N 58.36447°, W 06.54827°
Initial impressions of the northern islands have been born out. They definitely feel less idiosyncratic and more like rural mainland Scotland. There's much more of a mainstream feel and tourist industry going on, which may be deemed a good or a bad thing. As well as touristy cars, we've seen a slack handful of coach-built and panel-van campers today, and also spotted a few foreign cars, too. We've seen two German, one Belgian, one Spanish, one French and, of course, one Dutch.
Embracing formalised and sanitised tourism, we first visited Calanaish standing stones (pic), a genuinely fine example of 5000 year-old human construction that presumably made perfect sense then, but is less well understood now. There's a full visitor centre here: view, brew, loo.
Dun Carloway broch was next, and this too is a great example. Because half still stands and the other half is long gone, it presents as a cutaway model and is, therefore, the first one we've seen where it's been clearly possible to work out the construction techniques and see where rooms and ceilings inside were. There's even a little interpretation hut / tat shop here.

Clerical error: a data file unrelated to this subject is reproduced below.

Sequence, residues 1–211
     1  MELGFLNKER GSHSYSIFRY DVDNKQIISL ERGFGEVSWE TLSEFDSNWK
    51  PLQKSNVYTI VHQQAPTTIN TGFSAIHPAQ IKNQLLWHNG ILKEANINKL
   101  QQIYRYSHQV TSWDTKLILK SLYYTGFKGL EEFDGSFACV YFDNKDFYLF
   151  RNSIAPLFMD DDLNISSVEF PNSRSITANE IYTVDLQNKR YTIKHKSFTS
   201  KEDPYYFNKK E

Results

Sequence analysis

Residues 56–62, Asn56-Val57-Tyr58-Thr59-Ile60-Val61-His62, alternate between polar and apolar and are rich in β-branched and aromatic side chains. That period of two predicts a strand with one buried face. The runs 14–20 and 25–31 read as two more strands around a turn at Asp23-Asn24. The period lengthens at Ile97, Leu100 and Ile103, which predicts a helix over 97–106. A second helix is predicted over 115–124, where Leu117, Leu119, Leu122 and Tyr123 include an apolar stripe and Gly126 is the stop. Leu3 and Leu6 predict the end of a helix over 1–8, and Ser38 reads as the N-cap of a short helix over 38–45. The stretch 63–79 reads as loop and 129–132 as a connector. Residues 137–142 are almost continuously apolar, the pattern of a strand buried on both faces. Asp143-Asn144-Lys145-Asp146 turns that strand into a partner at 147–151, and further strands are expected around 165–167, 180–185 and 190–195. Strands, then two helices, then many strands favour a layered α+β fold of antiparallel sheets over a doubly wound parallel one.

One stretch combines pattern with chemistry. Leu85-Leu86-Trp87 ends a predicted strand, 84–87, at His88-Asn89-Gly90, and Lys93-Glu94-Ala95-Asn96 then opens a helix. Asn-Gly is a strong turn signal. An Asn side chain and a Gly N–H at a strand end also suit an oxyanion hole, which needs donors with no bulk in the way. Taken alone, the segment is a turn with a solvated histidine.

Because we were back over on the west side of the islands, I fancied finding some more machair to see what we could see bird-wise. A random turn coastward saw us finding a track leading to Loch Mòr Bharabais (coordinates). It's a top spot set in machair with the sea to one side and the loch to the other. We'd only just arrived when we spotted a glaucous gull, it was a strikingly all-white example, too. As well as the by-now-expected sightings, we also saw a male black-throated diver in full breeding plumage, a red-throated diver, three white-tailed eagles, another all-white glaucous gull and a merlin flying at top speed along the coastline scattering waders and gulls in its wake. It even made the return pass and then very obligingly perched in full view on a nearby ruin.
The merlin means we've now seen all of the raptors that the islands are famed for.
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